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Lost: Cow, black with white face, female, west of La Vernia, near 2831 FM 1346, weighs about 1000 lbs., she is a fence jumper. Anyone with information call 830-534-4675.

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Seeking individual to work in a local child-care center, paid holidays, etc., must be high school grad or GED. Apply in person at Cubs Country Childcare, 212 FM 1346 in La Vernia.
ON-CALL CRISIS POOL WORKERS NEEDED. Part-time positions are available for after hours “on-call” crisis workers to respond to mental health crisis for Wilson and Karnes Counties. Duties include crisis interventions, assessments, referrals to stabilization services, and referrals for involuntary treatment services according to the Texas Mental Health Laws. You must have at least a Bachelor’s Degree in psychology, sociology, social work, nursing, etc. On-call hours are from 5 p.m.-8 a.m. weekdays, weekends and holidays vary. If selected, you must attend required training and must be able to report to designated safe sites within 1 hour of request for assessment. Compensation is at a rate of $200 per week plus $100 per completed and submitted crisis assessment, and mileage. If interested call Camino Real Community Services, 210-357-0359.
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South Texas Living


Captain Will Wright, a member of the Texas Ranger Hall of Fame


Captain Will Wright, a member of the Texas Ranger Hall of Fame
Capt. Will Wright’s tombstone sinks into the ground in the Floresville City Cemetery.


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Maurine Liles
Historic Moments
September 26, 2012
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William Lee Wright was the son of L. B. Wright and Ann Tumlinson Wright. He was born in Lockhart, Texas, Feb. 19, 1868. His family moved to Yorktown when he was an infant. He attended school there. Wright worked as a cowboy on the Eckhardt Ranch in Dewitt County and on the Rutledge Ranch in Karnes County. He also worked some as a farmer.

Later, his family moved to Sutherland Springs. Wright married Mary Ann “Mollie” Brown, daughter of Texas Ranger Sanford Brown and Mrs. Sanford Brown of Sutherland Springs on Dec. 20, 1892. Six sons and one daughter were born to Will and Mary Ann.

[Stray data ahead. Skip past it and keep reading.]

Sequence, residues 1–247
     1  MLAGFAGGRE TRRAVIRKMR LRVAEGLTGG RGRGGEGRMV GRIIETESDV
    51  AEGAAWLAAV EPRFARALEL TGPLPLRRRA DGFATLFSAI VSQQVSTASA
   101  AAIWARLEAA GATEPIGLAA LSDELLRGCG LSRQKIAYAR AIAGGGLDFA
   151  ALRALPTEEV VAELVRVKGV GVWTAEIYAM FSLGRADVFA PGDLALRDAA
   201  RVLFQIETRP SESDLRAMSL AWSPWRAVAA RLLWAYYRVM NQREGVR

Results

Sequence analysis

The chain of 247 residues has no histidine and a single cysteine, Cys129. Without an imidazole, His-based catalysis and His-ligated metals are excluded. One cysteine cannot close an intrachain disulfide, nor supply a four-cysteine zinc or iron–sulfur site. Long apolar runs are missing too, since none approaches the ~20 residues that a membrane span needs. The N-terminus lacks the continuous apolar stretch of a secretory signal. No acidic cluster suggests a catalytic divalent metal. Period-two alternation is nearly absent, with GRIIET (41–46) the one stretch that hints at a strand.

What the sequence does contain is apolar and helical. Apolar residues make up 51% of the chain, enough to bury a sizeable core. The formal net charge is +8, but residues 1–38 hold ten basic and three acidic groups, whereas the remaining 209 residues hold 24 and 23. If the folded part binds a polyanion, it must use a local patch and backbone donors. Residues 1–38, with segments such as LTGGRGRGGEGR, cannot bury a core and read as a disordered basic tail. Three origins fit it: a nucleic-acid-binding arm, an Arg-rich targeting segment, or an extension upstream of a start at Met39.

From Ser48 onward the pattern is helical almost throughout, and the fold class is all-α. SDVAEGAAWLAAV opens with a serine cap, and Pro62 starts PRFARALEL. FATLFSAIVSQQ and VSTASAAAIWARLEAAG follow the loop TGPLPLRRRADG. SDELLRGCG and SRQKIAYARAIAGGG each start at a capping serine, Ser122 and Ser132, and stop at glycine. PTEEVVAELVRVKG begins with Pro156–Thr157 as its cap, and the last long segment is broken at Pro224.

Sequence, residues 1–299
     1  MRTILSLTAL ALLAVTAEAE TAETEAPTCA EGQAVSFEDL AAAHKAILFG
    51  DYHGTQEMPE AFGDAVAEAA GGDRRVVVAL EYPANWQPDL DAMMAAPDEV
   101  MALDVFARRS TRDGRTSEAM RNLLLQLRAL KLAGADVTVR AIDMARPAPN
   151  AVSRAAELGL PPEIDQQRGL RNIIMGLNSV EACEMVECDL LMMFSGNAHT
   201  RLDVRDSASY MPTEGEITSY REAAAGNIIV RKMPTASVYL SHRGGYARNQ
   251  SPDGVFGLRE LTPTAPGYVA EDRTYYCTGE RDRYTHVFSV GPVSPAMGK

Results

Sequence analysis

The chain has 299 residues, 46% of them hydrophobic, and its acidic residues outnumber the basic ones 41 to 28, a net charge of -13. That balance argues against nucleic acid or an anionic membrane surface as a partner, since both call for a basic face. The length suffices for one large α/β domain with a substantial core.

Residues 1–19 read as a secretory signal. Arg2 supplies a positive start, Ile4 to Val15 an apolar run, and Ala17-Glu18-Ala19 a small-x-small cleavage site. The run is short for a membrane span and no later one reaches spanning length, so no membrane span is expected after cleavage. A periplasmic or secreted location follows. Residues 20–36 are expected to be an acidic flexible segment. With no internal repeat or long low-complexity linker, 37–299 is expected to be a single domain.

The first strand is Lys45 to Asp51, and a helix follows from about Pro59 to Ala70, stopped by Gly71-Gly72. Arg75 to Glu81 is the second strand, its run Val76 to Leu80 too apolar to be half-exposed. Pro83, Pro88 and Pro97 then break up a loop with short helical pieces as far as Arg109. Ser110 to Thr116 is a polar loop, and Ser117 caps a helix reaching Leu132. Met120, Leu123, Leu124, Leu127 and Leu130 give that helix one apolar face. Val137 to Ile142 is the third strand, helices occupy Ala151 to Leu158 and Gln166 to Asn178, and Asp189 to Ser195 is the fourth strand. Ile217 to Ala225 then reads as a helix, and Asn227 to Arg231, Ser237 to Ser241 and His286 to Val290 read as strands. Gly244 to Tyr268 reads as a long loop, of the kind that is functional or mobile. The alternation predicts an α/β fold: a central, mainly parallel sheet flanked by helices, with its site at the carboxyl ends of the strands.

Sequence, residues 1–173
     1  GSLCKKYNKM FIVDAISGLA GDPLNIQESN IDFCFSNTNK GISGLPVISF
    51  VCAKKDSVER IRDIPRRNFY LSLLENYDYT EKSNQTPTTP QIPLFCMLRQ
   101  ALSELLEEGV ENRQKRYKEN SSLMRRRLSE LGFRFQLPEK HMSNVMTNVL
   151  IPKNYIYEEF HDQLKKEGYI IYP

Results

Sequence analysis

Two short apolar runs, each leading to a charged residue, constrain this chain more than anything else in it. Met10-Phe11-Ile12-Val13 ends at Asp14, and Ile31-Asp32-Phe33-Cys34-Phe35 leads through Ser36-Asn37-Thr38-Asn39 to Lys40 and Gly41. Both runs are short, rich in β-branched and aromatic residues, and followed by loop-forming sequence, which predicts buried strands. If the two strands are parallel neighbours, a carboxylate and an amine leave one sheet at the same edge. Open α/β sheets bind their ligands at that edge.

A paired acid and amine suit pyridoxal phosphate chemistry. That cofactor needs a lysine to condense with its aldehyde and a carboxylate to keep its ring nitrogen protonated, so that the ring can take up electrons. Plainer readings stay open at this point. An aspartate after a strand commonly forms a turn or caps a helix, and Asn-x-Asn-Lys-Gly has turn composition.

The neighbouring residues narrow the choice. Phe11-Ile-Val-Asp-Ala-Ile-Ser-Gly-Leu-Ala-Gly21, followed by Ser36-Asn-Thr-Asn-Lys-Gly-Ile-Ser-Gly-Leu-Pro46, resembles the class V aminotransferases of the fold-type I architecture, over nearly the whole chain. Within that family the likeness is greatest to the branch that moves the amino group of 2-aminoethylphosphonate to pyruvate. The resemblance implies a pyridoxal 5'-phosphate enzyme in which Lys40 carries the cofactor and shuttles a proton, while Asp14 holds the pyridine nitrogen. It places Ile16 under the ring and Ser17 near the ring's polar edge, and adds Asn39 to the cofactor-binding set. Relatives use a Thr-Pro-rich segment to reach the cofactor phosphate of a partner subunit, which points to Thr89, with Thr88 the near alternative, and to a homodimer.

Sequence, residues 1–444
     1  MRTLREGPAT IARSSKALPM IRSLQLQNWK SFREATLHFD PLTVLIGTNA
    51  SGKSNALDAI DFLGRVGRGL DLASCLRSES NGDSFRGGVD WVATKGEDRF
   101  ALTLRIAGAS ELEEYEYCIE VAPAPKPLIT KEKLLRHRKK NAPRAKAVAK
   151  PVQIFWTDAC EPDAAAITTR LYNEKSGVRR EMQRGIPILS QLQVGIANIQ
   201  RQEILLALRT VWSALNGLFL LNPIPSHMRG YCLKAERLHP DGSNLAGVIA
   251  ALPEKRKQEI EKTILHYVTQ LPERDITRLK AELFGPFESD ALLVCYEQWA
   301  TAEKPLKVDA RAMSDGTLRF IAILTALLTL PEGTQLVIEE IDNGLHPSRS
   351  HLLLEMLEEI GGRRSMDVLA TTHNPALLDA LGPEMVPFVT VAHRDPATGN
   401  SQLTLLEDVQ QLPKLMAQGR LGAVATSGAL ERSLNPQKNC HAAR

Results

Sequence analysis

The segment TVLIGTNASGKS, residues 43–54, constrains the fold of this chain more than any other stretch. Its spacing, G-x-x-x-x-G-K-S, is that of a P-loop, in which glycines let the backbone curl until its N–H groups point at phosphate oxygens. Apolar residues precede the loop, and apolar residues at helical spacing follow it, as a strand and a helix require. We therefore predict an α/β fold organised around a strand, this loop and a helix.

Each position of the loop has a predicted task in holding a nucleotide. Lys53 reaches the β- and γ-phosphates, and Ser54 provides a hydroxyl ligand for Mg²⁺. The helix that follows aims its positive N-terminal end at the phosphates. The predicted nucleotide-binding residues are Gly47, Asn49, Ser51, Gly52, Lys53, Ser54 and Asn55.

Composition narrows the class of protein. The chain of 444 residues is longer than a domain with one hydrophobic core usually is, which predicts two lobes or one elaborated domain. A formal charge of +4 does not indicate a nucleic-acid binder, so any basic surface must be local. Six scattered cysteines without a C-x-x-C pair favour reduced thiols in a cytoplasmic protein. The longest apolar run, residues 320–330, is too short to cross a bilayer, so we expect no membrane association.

Wright worked as a deputy sheriff in Wilson County under Sheriff Craighead. In 1898, he joined the Texas Rangers under the command of John M. Rogers. In 1902 he left the Rangers and was elected sheriff of Wilson County and was sheriff of Wilson County for 15 years. He was, at one time, president of the Texas Sheriffs Association. In 1917 Gov. William P. Hobby appointed Wright to the position of Texas Ranger Captain and he was assigned to form a new company. The citizens of Wilson County presented a beautiful bay horse to Wright as a tribute for excellent service and friendship.

A Seguin newspaper reported June 18, 1909, that a prisoner who had committed an atrocious crime was hanged in Floresville on a Friday afternoon. The man, after hearing the reading of the death warrant, walked up to the scaffold unassisted. When they began to tie his hands, he fought furiously. He called for his brother. He came up and shook hands and started away. It was then that the condemned man made a quick move and stabbed Sheriff Wright just above the heart with a sharpened spoon handle. It is not known how he secured the weapon. The man was quickly brought under control and Sheriff Wright was treated for his wounds.

When Wright became a Texas Ranger Captain, there was much unrest along the Rio Grande. Raiders from across the border were wreaking havoc on U.S. citizens. There was trouble from one end of the Rio Grande to the other. Wright was known to take part in many battles. He was called El Capitan Diablo (the devil captain). The Rangers under his command guarded the border during World War I. They chased liquor smugglers and raiders. Wright was known to be a law enforcer and at the same time, a peacemaker.

Wright was a Texas Ranger at the time of the South Texas manhunt or chase after Gregorio Cortez, who was a sheriff killer. At this time, Wright belonged to the Frontier Battalion.

Dogie Wright, Will’s son, reported that his dad “always wore a coat, collar, tie, and a gun. He carried a pearl-handled .45 Colt pistol that had been presented to him in 1910 by the people of Wilson County. Old Jack was one of his favorite horses. The horse was always clean and well-cared for.”

He participated in the transition of Texas Rangers from the horseback era in the early 1900s to the modern Rangers of the Texas Department of Public Safety after 1935.

Will Wright retired from the Texas Rangers in 1939 and returned to Wilson County to live out his life. Sam Fore said of him, “He loved the Texas Ranger Force with a deep and abiding affection.” Texas Ranger Captain Will Wright is a member of the Texas Ranger Hall of Fame. A marker remembering this remarkable Wilson County citizen, sheriff, and Texas Ranger is located in front of the Jailhouse Museum in Floresville.

He died March 7, 1942, and is buried in the Floresville City Cemetery. His tombstone is sinking into the ground and is in need of care and attention.

Compiled by Maurine Liles from the files of the Wilson County Historical Society Archives in July 2009, and revised in September 2012.
 

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